on January 26th 2016
Source:Copy provided by publisher for review, via Edelweiss
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All Imogene Scott knows of her mother is the bedtime story her father told her as a child. It's the story of how her parents met: he, a forensic pathologist, she, a mysterious woman who came to identify a body. A woman who left Imogene and her father when she was a baby, a woman who was always possessed by a powerful loneliness, a woman who many referred to as troubled waters.
When Imogene is seventeen, her father, now a famous author of medical mysteries, strikes out in the middle of the night and doesn't come back. Neither Imogene's stepmother nor the police know where he could've gone, but Imogene is convinced he's looking for her mother. She decides to put to use the skills she's gleaned from a lifetime of her father's books to track down a woman she's never known, in order to find him and, perhaps, the answer to the question she's carried with her for her entire life.
Rebecca Podos' debut is a powerful, affecting story of the pieces of ourselves that remain mysteries even to us - the desperate search through empty spaces for something to hold on to.
Note to self: Don’t not post a review in two weeks and then remember to know how when you decide to do it again. Because you don’t. You’re old, and sometimes old people forget things when they don’t use them. Like algebra, perhaps. I don’t remember much of that. See what I mean? This review of a book that has nothing to do with algebra or the fake elderly has turned into something else entirely.
What is the book about then? Imogene, namely. Imogene and the fact that her dad has left home with no indication of where he is going, when he’ll be back, or if she and her stepmom should be worried sick, which of course, they are. Her stepmom calls the police because she is normal, but Imogene thinks that she will know better where her father is- and suspects it has something to do with her birth mother and the mysterious circumstances that her legacy has been shrouded in.
Let us begin with the stuff that was really great about the book.
- First, and foremost, family. This book was so, so much about families and both the love that brings them together and the ugliness that can tear them apart. It’s clear that these people, no matter how flawed, care for each other. Imogene’s stepmom is awesome. She is not in any way made out to be an “evil stepmother”- she’s just a nice, normal lady who wants her family back together. And she’s both kind and firm to Imogene, not that the firmness actually deters Imogene from doing anything, but the point is, she tries.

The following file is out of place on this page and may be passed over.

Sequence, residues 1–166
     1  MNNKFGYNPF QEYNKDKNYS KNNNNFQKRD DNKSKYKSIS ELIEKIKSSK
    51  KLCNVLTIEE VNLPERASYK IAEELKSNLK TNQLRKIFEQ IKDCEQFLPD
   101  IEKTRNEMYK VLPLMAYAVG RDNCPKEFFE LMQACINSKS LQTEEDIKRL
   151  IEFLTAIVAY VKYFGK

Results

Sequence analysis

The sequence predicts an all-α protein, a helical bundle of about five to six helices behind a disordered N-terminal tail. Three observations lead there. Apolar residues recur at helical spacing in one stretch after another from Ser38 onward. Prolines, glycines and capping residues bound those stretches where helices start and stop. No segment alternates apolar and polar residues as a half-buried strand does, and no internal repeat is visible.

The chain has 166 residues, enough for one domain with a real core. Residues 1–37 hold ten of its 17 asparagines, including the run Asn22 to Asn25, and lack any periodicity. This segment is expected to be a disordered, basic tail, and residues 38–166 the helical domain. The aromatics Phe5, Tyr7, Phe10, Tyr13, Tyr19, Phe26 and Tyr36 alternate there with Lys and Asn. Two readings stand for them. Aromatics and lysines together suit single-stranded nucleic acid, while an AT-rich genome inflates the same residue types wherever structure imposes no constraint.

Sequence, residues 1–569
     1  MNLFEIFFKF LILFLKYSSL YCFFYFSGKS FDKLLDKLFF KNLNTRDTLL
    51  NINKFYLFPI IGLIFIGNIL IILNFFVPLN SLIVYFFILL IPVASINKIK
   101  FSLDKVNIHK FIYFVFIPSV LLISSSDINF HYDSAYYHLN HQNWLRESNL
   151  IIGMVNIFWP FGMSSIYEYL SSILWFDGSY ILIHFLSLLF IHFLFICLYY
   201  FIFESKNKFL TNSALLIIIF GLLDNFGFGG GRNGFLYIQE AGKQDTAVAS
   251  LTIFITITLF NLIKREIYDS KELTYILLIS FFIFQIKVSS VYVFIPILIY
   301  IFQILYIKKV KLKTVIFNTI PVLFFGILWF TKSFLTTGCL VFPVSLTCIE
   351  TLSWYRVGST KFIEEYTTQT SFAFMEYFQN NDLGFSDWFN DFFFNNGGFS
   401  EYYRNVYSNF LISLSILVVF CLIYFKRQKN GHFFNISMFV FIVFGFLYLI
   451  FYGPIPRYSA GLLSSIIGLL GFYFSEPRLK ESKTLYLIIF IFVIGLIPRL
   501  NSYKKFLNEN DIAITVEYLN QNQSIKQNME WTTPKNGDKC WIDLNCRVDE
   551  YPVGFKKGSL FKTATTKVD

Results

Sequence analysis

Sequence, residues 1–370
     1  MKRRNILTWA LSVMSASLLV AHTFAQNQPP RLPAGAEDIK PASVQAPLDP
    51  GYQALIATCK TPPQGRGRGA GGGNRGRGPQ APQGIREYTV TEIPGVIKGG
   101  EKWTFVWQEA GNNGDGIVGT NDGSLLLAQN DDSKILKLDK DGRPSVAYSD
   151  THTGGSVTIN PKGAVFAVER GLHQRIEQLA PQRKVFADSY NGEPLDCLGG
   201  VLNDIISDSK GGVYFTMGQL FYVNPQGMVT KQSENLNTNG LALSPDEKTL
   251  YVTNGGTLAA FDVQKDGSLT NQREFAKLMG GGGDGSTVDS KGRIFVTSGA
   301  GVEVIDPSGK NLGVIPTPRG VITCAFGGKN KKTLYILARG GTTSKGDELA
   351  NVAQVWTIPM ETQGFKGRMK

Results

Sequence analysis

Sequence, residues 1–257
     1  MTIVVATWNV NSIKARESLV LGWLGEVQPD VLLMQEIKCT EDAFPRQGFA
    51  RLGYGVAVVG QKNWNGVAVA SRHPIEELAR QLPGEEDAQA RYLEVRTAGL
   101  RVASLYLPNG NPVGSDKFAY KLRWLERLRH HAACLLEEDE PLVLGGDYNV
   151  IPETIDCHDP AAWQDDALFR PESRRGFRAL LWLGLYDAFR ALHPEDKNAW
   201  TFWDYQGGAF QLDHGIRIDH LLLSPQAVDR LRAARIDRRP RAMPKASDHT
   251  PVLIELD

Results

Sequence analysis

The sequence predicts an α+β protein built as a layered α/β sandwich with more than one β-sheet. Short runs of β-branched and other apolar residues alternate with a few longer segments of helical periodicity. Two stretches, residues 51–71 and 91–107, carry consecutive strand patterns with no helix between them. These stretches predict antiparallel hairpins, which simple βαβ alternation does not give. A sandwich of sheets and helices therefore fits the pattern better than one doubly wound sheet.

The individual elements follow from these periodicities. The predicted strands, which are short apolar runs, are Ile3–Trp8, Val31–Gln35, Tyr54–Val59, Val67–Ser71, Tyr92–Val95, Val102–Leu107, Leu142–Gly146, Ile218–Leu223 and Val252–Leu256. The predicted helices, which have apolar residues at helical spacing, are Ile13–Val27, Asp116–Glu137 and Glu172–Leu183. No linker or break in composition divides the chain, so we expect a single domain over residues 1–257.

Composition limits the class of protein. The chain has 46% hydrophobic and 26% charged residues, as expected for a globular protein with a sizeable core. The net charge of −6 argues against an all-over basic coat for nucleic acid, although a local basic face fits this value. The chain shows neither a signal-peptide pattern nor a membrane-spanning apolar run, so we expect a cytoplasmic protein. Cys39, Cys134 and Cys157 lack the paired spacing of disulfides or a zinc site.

“She said I was a ‘partner in the family’, and never treated me like a pain, or the price of marrying Dad, or some pathetic little half orphan.”
And despite all this nonsense with Imogene’s mom, her stepmom is definitely in it for the long haul. I approve.
- Friendship is also big. Jessa is Immy’s best friend, and Jessa puts up with a lot of undeserved crap from Immy, because she is just a quality friend, and knows that Imogene is going through a really tough time. And when Jessa can’t help out, she enlists her brother Chad, even though she knows that Imogene has had some feelings for Chad. And then he steps up to the plate to help out. Clearly, they are pretty decent human beings.
- Despite Imogene’s flaws, or maybe because they were similar to a lot of my own flaws, I related to her. She was so insecure of some things, yet so confident about others. She definitely took her stress out on people who didn’t always deserve it, but I think that is a flaw that most of us can openly admit to. And she is stubborn as hell when she thinks she’s right, and I have some experience in that particular arena 😉
- I felt like a lot of the “life lesson” stuff was really on point. No one was perfect, and everyone was just trying their best. And the revelations that came to pass during the book especially highlighted that point.
- The writing was quite good, and I was definitely curious as to what would happen next. I didn’t feel bored, and I was genuinely curious about the situation with Imogene’s family.
So, of course, there has to be stuff that wasn’t really my favorite.
- Some of the events that happened were a bit… farfetched. I suppose plausible, but not likely. Especially for so many unlikely events. I guess I could have given a pass to one or two, but damn, this girl had incredible luck on her side.
- There are some mental health bits in here that I didn’t love the handling of. Again, I am not saying that any of it was outlandishly impossible, it’s just that Lindy, the stepmom, was a therapist, and yet she didn’t seem to take any family member’s mental health into consideration. It just felt… weird. And it also felt a little glazed over in general.
- Despite the positives that I found while reading the story, I think the main reason I had trouble with the book is that I felt underwhelmed– especially toward the end. When I expected things to pick up and get extra intense, they simply… didn’t. And while I never like to tell any specifics about the end of a book, I just felt a bit let down, like I wanted more. And unfortunately, it made the book in general feel quite anticlimactic.
Bottom Line: The writing was solid, and I think this author absolutely has a ton of potential. This wasn’t a bad book by any means- in fact, there is a lot I enjoyed about it. Perhaps it was even my expectations of the end being more epic that got the best of me. But I can’t deny that I felt disappointment when I was finished, so take that for what it’s worth. Still, worth a read for the character/family development alone.